There's a little bit of experimentation, but it helps if the boss signals approval- this kind of workplace is almost the same as the above, but where it differs is how/when new trends are adopted and embraced into the uniforms. A great current example of this is the new'ish trend in men's sneaker fashion - the recent increase in higher-end, expensive, 'dress' sneakers as an alternative to dress shoes in business casual situations and even sometimes worn with a formal suit. The key here is do you as a cog in the machine feel emboldened to be the first person to rock a new trend like this at work, or do you need to spy the CEO wearing a pair of Lanvins before you think it is ok to wear your new pair of Greats to the office?

    Role-based uniforms- pretty straightforward and pretty common. Sales dresses a certain way (what they think will impress prospects), Execs wear nicer, more expensive versions of what Sales wears, back-office staff more or less follows the rules above, and 'technical' folks are left to their own devices - since no one wants to dare offend their delicate sensibilities by trying to place any guidelines or expectations on them. 

    Pretend Steve Jobs- this is more of an individual choice rather than a workplace norm, but it is worth mentioning because some high-powered types like Steve Jobs, Mark Zuckerberg, and Barack Obama became associated with the idea of wearing exactly, or almost the same clothes every single day, as a way to lessen 'decision fatigue.' If you rock the same dad jeans, black turtleneck, and New Balances every day, the thinking goes, you have more mental bandwith for the important things at work. If you have one of these kinds of guys in your workplace, be wary, chances are they are no Steve Jobs, and are just doing the turtleneck thing to make people talk about them.

    No one really cares - probably only really exists in really small organizations, where entire departments consist of one person. If there is only one person in Finance, what he/she wears sets the tone for whoever comes next. And so on across the company. Nothing resembling a uniform code forms in a department until you have at least three people. You need the dynamic of two people being able to sneak off and talk about what the third person is wearing, (behind that person's back) in order for some kind of cultural direction to take form.

    That's it for today, have fun out there in your uniform of choice.

    Note: My pal KD over at the HR Capitalist has promised me an in-depth look at one of the new trends I mentioned above, the 'dress' sneaker, so be on the look out for that.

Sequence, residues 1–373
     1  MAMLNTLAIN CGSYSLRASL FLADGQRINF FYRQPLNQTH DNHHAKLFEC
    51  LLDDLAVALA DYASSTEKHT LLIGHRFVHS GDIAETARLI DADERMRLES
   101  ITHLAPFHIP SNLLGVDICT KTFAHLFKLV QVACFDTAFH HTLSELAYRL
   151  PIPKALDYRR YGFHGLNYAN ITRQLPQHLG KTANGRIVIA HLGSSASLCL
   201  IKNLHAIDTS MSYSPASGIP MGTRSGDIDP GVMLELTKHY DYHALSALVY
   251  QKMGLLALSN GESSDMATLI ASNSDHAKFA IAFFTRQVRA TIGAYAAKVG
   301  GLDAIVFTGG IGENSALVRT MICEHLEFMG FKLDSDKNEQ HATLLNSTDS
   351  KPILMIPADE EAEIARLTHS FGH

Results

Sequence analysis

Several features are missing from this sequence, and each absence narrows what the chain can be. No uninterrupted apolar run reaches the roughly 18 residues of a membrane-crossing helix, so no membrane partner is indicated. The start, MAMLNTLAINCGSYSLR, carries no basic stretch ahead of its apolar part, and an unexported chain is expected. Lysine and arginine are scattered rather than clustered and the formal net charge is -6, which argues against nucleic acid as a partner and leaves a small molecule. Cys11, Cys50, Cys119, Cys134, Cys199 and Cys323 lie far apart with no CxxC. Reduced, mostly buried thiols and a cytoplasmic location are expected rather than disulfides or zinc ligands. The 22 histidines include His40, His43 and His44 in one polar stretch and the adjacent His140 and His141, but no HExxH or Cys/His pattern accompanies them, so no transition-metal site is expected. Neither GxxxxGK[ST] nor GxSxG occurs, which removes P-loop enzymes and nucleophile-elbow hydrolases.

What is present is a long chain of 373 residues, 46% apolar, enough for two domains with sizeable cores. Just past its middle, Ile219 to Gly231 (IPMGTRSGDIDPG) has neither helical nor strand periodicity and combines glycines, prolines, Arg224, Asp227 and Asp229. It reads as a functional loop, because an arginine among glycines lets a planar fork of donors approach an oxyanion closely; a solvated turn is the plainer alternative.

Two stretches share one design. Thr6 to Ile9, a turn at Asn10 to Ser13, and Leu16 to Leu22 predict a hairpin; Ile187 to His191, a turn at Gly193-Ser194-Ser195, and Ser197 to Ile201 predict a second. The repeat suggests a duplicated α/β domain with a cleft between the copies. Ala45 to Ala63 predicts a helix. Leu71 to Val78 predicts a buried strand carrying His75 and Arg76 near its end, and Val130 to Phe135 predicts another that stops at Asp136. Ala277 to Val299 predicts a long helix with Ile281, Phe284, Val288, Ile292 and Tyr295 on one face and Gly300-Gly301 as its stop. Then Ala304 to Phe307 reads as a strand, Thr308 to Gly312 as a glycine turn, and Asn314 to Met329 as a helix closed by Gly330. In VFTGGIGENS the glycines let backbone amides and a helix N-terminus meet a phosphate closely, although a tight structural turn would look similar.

Wednesday
    Mar212018

    Introducing the Human Friendly Workplace Podcast

    I'm super excited to share with you the debut episode of the newest podcast on the HR Happy Hour Podcast Network - The Human Friendly Workplace Podcast hosted by employee engagement and workplace culture expert Jason Lauritsen

    On the Human Friendly Workplace Podcast, Jason will speak with HR and business leaders who are actively engaged with making their workplaces better - and more human.

    For Jason's debut episode, he talks with Graham Moody, People and Culture Manager at ansarada, an Australian company that has seen rapid growth, and has had to make sure their unique culture could scale.

    Here are the details for the show - and many thanks and a welcome to Jason - we are thrilled to have you be a part of the HR Happy Hour family.

    The Human Friendly Workplace 1 - Creating a Human Friendly Workplace

    Host: Jason Lauritsen

    Guest: Graham Moody, People and Culture Manager at ansarada

    Listen to the show HERE

    How can understanding employees’ personal values help create a stronger and more self-aware workplace? What does it mean to reevaluate and decide to change your company values, and how can you make sure employees connect with the new values?

    “We believe that values drive behavior and that behavior drives results.” - Graham Moody

    In today’s conversation Jason interviews Graham Moody with ansarada. Ansarada is headquartered in Sydney and has grown rapidly in the last 18 months, reaching nearly 200 employees while simultaneously pivoting its business model. Having strong company and personal values has always been deeply important at ansarada, and the recent changes posed a new challenge to the company culture.

    In the discussion, Moody will discuss how the company preserved the company’s culture during the rapid growth and a business focus shift. Listeners today will also learn why you should create a culture of servant-based leadership and also hear the one piece of advice he would give to managers on creating a human-friendly workplace culture.

    Listen to the show on the show page HERE, on your favorite podcast app, or by using the widget player below:

    Today’s episode is being powered by Small Improvements.

    Small Improvements is a feedback platform that helps employees grow and succeed. From Performance Check-Ins, Goals and 360s, it combines both ongoing and structured feedback to facilitate meaningful development.

    Subscribe to all the HR Happy Hour Podcast Network shows wherever you get your podcasts - just search for 'HR Happy Hour'

    Thursday
    Mar012018

    Learn a new word: Abstinence Violation Effect

    No, it's got nothing to do with THAT, get your minds out of the gutter for a minute.

    I admit to not being familiar with this term until seeing the accounts of the demise of former Twitter CEO Dick Costolo's new venture - an app called Chorus. Chorus was a kind of a social fitness app where groups of friends would sign up/join up together, share their goals for exercise and other healthy behaviors, and remain motivated to keep up with these goals leveraging their friends on the app to keep them going (and accountable).